name: 'ora_diag_rac01_' pid: 28502 #procfdlimit: 65536 cpuusage: 0.40 privmem: 7980 shm: 11132 #fd: 12 #threads: 1 priority: 20 nice: 0 state: S
name: 'ora_lmhb_rac01_' pid: 28530 #procfdlimit: 65536 cpuusage: 0.40 privmem: 2828 shm: 12212 #fd: 13 #threads: 1 priority: 20 nice: 0 state: S
name: 'ora_lck0_rac01_' pid: 28570 #procfdlimit: 65536 cpuusage: 0.40 privmem: 3408 shm: 35388 #fd: 13 #threads: 1 priority: 20 nice: 0 state: S
name: 'ora_dia0_rac01_' pid: 28512 #procfdlimit: 65536 cpuusage: 0.40 privmem: 13208 shm: 24336 #fd: 15 #threads: 1 priority: 20 nice: 0 state: S
name: 'mdb_o000_-mgmtd' pid: 2688 #procfdlimit: 65536 cpuusage: 0.40 privmem: 2368 shm: 11932 #fd: 9 #threads: 1 priority: 20 nice: 0 state: S
name: 'ora_lmon_rac01_' pid: 28514 #procfdlimit: 65536 cpuusage: 0.40 privmem: 17184 shm: 32324 #fd: 13 #threads: 1 priority: 20 nice: 0 state: S
name: 'mdb_smco_-mgmtd' pid: 24896 #procfdlimit: 65536 cpuusage: 0.20 privmem: 2092 shm: 11692 #fd: 7 #threads: 1 priority: 20 nice: 0 state: S
name: 'UsmMonitor' pid: 23353 #procfdlimit: 1024 cpuusage: 0.20 privmem: 0 shm: 0 #fd: 2 #threads: 1 priority: 20 nice: 0 state: S
name: 'ora_q00e_rac01_' pid: 28741 #procfdlimit: 65536 cpuusage: 0.20 privmem: 4756 shm: 36972 #fd: 11 #threads: 1 priority: 20 nice: 0 state: S
name: 'asm_lmon_+asm1' pid: 24300 #procfdlimit: 65536 cpuusage: 0.20 privmem: 14312 shm: 27064 #fd: 13 #threads: 1 priority: 20 nice: 0 state: S
name: 'ora_p00c_rac01_' pid: 28699 #procfdlimit: 65536 cpuusage: 0.20 privmem: 2028 shm: 8328 #fd: 10 #threads: 1 priority: 20 nice: 0 state: S
name: 'mdb_lgwr_-mgmtd' pid: 24838 #procfdlimit: 65536 cpuusage: 0.20 privmem: 4140 shm: 21876 #fd: 11 #threads: 1 priority: 20 nice: 0 state: S
name: 'mdb_dia0_-mgmtd' pid: 24833 #procfdlimit: 65536 cpuusage: 0.20 privmem: 3908 shm: 15792 #fd: 7 #threads: 1 priority: 20 nice: 0 state: S
name: 'ovmd' pid: 603 #procfdlimit: 1024 cpuusage: 0.20 privmem: 96 shm: 396 #fd: 5 #threads: 1 priority: 20 nice: 0 state: S
name: 'ora_p009_rac01_' pid: 28689 #procfdlimit: 65536 cpuusage: 0.20 privmem: 2032 shm: 8376 #fd: 10 #threads: 1 priority: 20 nice: 0 state: S
name: 'init.tfa' pid: 21628 #procfdlimit: 1024 cpuusage: 0.20 privmem: 724 shm: 1220 #fd: 4 #threads: 1 priority: 20 nice: 0 state: S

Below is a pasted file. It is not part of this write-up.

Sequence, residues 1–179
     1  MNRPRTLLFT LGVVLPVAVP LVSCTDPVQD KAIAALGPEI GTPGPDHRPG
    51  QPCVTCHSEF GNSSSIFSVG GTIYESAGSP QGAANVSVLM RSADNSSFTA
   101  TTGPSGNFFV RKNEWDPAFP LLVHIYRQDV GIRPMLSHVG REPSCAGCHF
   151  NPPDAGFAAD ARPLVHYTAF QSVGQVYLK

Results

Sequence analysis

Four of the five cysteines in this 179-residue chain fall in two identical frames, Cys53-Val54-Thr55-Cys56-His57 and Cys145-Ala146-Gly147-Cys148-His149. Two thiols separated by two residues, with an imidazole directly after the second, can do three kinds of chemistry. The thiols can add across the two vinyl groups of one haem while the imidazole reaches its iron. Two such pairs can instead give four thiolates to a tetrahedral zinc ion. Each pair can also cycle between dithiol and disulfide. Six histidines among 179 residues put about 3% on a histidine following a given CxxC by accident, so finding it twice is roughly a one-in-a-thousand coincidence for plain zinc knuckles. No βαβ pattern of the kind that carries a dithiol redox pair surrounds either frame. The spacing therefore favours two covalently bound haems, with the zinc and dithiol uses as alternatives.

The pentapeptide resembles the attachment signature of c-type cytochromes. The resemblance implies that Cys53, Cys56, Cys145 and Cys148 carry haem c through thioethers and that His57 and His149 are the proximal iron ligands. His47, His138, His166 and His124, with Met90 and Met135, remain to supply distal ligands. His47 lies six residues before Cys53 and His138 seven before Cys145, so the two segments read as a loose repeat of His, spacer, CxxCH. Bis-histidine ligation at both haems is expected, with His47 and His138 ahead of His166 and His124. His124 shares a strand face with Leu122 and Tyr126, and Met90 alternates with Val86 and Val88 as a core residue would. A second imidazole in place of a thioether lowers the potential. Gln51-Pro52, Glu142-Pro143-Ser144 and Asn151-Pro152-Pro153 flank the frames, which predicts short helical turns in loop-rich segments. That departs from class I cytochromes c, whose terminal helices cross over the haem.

name: 'ora_p004_rac01_' pid: 28676 #procfdlimit: 65536 cpuusage: 0.20 privmem: 2028 shm: 8324 #fd: 10 #threads: 1 priority: 20 nice: 0 state: S
name: 'cssdagent' pid: 23811 #procfdlimit: 65536 cpuusage: 0.60 privmem: 37564 shm: 80744 #fd: 61 #threads: 16 priority: -100 nice: 0 state: S
name: 'kswapd0' pid: 44 #procfdlimit: 1024 cpuusage: 0.00 privmem: 0 shm: 0 #fd: 2 #threads: 1 priority: 20 nice: 0 state: S
name: 'oracle_3224_-mg' pid: 3224 #procfdlimit: 65536 cpuusage: 0.80 privmem: 5692 shm: 562184 #fd: 9 #threads: 1 priority: 20 nice: 0 state: S
name: 'mdb_dbw0_-mgmtd' pid: 24835 #procfdlimit: 65536 cpuusage: 0.00 privmem: 11332 shm: 512752 #fd: 13 #threads: 1 priority: 20 nice: 0 state: S
name: 'ora_mman_rac01_' pid: 28498 #procfdlimit: 65536 cpuusage: 0.00 privmem: 2180 shm: 482056 #fd: 11 #threads: 1 priority: 20 nice: 0 state: S
name: 'ora_ppa7_rac01_' pid: 28649 #procfdlimit: 65536 cpuusage: 0.20 privmem: 5584 shm: 479744 #fd: 11 #threads: 1 priority: 20 nice: 0 state: S
name: 'ora_dbw0_rac01_' pid: 28534 #procfdlimit: 65536 cpuusage: 0.00 privmem: 10552 shm: 406356 #fd: 12 #threads: 1 priority: 20 nice: 0 state: S
name: 'oracle_3216_-mg' pid: 3216 #procfdlimit: 65536 cpuusage: 0.00 privmem: 6264 shm: 351364 #fd: 9 #threads: 1 priority: 20 nice: 0 state: S
name: 'java' pid: 27097 #procfdlimit: 65536 cpuusage: 0.40 privmem: 488384 shm: 6068 #fd: 151 #threads: 102 priority: 20 nice: 0 state: S
name: 'ora_lms1_rac01_' pid: 28524 #procfdlimit: 65536 cpuusage: 0.60 privmem: 16536 shm: 229772 #fd: 11 #threads: 1 priority: -2 nice: 0 state: S
name: 'ora_cjq0_rac01_' pid: 28663 #procfdlimit: 65536 cpuusage: 0.00 privmem: 14556 shm: 226124 #fd: 11 #threads: 1 priority: 20 nice: 0 state: S
name: 'ora_lms0_rac01_' pid: 28520 #procfdlimit: 65536 cpuusage: 0.80 privmem: 16496 shm: 220516 #fd: 11 #threads: 1 priority: -2 nice: 0 state: S
name: 'ora_mmon_rac01_' pid: 28556 #procfdlimit: 65536 cpuusage: 0.40 privmem: 8364 shm: 201564 #fd: 15 #threads: 1 priority: 20 nice: 0 state: S
name: 'mdb_mman_-mgmtd' pid: 24823 #procfdlimit: 65536 cpuusage: 0.00 privmem: 2092 shm: 194524 #fd: 9 #threads: 1 priority: 20 nice: 0 state: S
name: 'mdb_mmon_-mgmtd' pid: 24856 #procfdlimit: 65536 cpuusage: 0.00 privmem: 20948 shm: 153272 #fd: 13 #threads: 1 priority: 20 nice: 0 state: S
name: 'ora_smon_rac01_' pid: 28542 #procfdlimit: 65536 cpuusage: 0.00 privmem: 4800 shm: 159652 #fd: 12 #threads: 1 priority: 20 nice: 0 state: S
name: 'ora_lck1_rac01_' pid: 28532 #procfdlimit: 65536 cpuusage: 0.00 privmem: 4128 shm: 156856 #fd: 10 #threads: 1 priority: 20 nice: 0 state: S
name: 'ora_w001_rac01_' pid: 28635 #procfdlimit: 65536 cpuusage: 0.00 privmem: 4720 shm: 128528 #fd: 10 #threads: 1 priority: 20 nice: 0 state: S
name: 'mdb_smon_-mgmtd' pid: 24844 #procfdlimit: 65536 cpuusage: 0.00 privmem: 4572 shm: 123232 #fd: 10 #threads: 1 priority: 20 nice: 0 state: S
name: 'ora_w000_rac01_' pid: 28633 #procfdlimit: 65536 cpuusage: 0.00 privmem: 3852 shm: 122216 #fd: 10 #threads: 1 priority: 20 nice: 0 state: S
name: 'oracle_4662_-mg' pid: 4662 #procfdlimit: 65536 cpuusage: 0.00 privmem: 8732 shm: 107292 #fd: 10 #threads: 1 priority: 20 nice: 0 state: S
name: 'ora_w002_rac01_' pid: 29643 #procfdlimit: 65536 cpuusage: 0.00 privmem: 3968 shm: 102284 #fd: 10 #threads: 1 priority: 20 nice: 0 state: S
name: 'ora_w004_rac01_' pid: 2548 #procfdlimit: 65536 cpuusage: 0.00 privmem: 3648 shm: 94840 #fd: 10 #threads: 1 priority: 20 nice: 0 state: S
name: 'ora_lmd0_rac01_' pid: 28516 #procfdlimit: 65536 cpuusage: 0.40 privmem: 14832 shm: 83312 #fd: 11 #threads: 1 priority: 20 nice: 0 state: S
name: 'oracle_29094_ra' pid: 29094 #procfdlimit: 65536 cpuusage: 0.20 privmem: 7764 shm: 86696 #fd: 12 #threads: 1 priority: 20 nice: 0 state: S
name: 'ora_w005_rac01_' pid: 26461 #procfdlimit: 65536 cpuusage: 0.20 privmem: 3976 shm: 88140 #fd: 10 #threads: 1 priority: 20 nice: 0 state: S